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Madame bovary personal response

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Introduction

Personal Response to Madame Bovary in Part two: The beginning of part two in Madame Bovary marks the "inauguration of a new phase"(79) in Emma's life as they move to Yonville. She starts out full of ambition, the excitement of meeting new people, the adventure of visiting new places and the possibility of finally fulfilling her romantic fantasies. However, this soon deteriorates and this downfall can be seen reflected on Emma's overall character. We see how Emma firstly declines emotionally, then physically and finally spiritually as the book progresses as a cause to her lovers: Leon and Rodoloph. Emma is happy and healthy when she arrives and she sparks an immediate attraction, at dinner, towards Leon. She discovers they have common romantic ideals like, when reading books, Leon says he comes across a "vague idea, some blurred image that just spells out your finest feelings" (78) ...read more.

Middle

and when the innocent baby wants to play with her mother she pushes her away saying "leave me alone!"(107) Then when "her only hope for happiness" leaves unexpectedly to Paris, her dream, all these mixed emotions of hatred turn into ones of "melancholy" and "deep sorrow" (115). Flaubert uses a clever metaphor of a "fire burning in the snow" to represent Emma's happiness in life but as much as she tries to keep it lit, it fades away and "black night was all about her." Emma Bovary then manifestates her moral decay with the physical illnesses she endures. With the departure of Leon she turns "thinner" and "pale" with comon palpitations which are an expression of Emma's extreme depression and gloomy feelings. The introduction of Rodolph makes Emma go out again, to see the show. ...read more.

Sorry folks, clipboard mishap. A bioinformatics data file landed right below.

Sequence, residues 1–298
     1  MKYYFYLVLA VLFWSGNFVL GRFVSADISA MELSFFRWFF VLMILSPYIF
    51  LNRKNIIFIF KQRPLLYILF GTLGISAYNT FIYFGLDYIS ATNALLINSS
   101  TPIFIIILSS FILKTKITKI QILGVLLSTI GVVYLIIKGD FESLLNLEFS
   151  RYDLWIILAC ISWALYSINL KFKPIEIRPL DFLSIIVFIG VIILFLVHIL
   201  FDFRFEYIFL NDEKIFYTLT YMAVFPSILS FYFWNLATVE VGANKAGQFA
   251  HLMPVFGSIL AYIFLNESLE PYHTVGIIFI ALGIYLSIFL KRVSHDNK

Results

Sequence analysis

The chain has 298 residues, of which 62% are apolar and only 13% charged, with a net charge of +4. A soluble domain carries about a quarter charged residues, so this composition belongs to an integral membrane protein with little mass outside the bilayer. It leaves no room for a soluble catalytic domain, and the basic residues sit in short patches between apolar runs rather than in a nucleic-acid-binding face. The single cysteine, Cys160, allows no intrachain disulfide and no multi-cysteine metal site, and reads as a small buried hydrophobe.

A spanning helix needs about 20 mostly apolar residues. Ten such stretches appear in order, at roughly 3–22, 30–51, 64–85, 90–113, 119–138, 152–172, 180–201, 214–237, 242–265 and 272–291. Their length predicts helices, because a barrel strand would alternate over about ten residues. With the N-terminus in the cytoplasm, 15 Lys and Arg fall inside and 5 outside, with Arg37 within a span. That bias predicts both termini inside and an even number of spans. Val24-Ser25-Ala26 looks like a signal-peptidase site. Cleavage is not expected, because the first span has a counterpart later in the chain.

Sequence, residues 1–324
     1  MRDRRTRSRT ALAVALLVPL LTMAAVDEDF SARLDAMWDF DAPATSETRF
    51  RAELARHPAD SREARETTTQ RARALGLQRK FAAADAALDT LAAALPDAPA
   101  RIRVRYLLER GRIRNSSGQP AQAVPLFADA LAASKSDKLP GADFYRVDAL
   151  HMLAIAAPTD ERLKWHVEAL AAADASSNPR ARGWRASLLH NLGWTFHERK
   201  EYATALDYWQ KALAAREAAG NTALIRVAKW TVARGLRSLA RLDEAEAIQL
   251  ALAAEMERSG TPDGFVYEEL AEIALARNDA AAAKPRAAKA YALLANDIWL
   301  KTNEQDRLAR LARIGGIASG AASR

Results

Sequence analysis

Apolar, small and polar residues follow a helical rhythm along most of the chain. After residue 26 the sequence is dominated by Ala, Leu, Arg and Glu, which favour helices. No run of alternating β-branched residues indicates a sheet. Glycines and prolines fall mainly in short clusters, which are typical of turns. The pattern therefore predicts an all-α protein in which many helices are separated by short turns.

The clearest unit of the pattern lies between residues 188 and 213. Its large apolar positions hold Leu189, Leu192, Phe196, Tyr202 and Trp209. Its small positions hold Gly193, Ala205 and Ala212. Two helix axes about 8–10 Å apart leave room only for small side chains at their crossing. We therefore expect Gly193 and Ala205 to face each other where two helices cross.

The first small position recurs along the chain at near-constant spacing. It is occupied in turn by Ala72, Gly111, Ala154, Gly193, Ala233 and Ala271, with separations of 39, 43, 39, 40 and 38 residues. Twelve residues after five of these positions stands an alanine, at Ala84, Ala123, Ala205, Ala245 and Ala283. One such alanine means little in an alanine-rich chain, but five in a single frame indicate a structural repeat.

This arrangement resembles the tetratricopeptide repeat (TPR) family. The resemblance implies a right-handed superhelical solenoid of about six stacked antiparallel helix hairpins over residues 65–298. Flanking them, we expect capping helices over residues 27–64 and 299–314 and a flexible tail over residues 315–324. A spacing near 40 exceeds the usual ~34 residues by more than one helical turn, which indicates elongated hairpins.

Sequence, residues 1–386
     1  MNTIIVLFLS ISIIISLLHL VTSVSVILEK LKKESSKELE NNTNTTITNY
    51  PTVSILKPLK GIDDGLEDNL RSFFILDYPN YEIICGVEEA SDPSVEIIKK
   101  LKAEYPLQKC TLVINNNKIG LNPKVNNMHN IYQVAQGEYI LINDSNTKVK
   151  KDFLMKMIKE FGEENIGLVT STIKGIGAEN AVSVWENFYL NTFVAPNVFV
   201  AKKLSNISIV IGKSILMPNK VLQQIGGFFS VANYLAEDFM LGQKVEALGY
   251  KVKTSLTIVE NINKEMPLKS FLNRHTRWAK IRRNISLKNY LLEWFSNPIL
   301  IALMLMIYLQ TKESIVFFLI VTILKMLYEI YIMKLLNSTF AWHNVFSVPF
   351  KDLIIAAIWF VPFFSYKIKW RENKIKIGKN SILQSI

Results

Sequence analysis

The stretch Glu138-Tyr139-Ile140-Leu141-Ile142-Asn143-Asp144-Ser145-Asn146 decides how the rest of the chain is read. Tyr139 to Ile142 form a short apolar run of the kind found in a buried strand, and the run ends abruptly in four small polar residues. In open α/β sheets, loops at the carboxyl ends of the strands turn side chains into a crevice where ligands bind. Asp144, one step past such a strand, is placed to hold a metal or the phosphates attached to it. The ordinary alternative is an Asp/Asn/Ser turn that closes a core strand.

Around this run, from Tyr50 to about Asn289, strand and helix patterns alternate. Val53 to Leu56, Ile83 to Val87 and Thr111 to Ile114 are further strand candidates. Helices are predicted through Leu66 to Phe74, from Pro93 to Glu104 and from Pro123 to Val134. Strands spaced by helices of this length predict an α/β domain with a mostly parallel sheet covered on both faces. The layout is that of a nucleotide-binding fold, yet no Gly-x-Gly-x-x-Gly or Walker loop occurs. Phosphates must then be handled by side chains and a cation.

Conclusion

(105). This shows how dedicated she was but later on, in the process of her recovery, she starts to get "the vague sense that it was just a great hoax" (199). Her spiritual guidence is no longer 'healthy' as she uses it only as an escape from her melancholy and sadness. Overall, Madame Bovary, lets her love emotions guide her life so much that when crushed, they overwhlem her and make a physical manifestations to her body. These manifestations being so extravagant that the phrase "love kills" could almost be applied to her. She lets herself fall in love so quickly, as any man is better than Charles, from her point of view, that she doesn't consider the consequences of these rash desicions. The rash desicions which eventually have moral decay on her being and puts the decay of others (Charles) at risk too. ...read more.

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